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Labour private school VAT plan won’t stop state school crisis, says union boss

Labour’s plan to charge VAT on private school fees will not provide enough funds to avert a looming crisis of staff shortages and funding deficits in state schools, according to the incoming head of a leading education union.

The party has pledged to start charging 20 per cent VAT on school fees within its first year in power if it wins the next general election, which it hopes will raise £1.7bn for state education.

Sir Keir Starmer has pledged that a Labour government would strip private schools of their charitable status, which makes them eligible for tax relief and a reduction in business rates, i first revealed in September.

The plans – likened to a “Robin Hood-style” policy that would see wealth redistributed more evenly across British schools – are expected to play a crucial part in Labour’s 2024 election manifesto, which the party is preparing to unveil in the coming months.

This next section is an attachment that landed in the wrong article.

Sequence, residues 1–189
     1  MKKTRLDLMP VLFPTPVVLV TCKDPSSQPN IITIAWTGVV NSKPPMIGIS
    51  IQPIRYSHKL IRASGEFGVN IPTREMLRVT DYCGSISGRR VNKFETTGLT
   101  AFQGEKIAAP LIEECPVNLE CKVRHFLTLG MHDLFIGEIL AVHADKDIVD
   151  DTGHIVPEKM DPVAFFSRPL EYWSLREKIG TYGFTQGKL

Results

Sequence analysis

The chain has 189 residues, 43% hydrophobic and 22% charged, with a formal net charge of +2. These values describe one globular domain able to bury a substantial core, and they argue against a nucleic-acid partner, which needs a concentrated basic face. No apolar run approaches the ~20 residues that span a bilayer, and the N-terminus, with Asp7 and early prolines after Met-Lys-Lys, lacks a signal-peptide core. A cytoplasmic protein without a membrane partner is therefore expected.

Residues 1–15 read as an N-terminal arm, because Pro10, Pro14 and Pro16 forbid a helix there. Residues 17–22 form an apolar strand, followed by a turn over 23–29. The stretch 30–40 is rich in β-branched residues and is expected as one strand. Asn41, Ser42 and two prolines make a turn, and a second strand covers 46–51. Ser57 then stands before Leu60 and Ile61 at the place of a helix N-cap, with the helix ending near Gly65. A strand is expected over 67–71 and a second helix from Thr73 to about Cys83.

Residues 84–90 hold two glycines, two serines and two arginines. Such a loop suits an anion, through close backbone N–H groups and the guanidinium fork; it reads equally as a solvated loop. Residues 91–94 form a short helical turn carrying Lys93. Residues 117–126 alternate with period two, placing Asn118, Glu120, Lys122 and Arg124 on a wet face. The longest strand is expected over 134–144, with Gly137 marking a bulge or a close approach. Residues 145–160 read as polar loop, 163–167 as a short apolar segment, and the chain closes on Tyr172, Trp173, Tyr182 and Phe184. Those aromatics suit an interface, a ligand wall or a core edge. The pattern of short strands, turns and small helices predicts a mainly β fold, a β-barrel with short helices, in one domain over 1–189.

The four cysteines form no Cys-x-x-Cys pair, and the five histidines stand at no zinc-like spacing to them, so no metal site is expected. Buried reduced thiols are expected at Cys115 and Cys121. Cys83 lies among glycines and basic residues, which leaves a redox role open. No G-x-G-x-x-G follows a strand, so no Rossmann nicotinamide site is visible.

But Pepe Di’lasio, the incoming general secretary of the Association of School and College Leaders (ASCL), told i that the proposal will not “provide the level of investment needed in education right now” as he called for even greater investment in state schools.

It comes after i reported that an unprecedented number of schools could close due to “effective bankruptcy” if funding deficits and staffing shortages are not addressed.

Small state primary schools are being particularly badly hit because of declining pupil numbers and may struggle to keep the doors open at all, headteachers have warned.

The Confederation of School Trusts (CST), which represents many of England’s chains of state-funded academy schools, said many were facing “extreme pressures on their budgets”.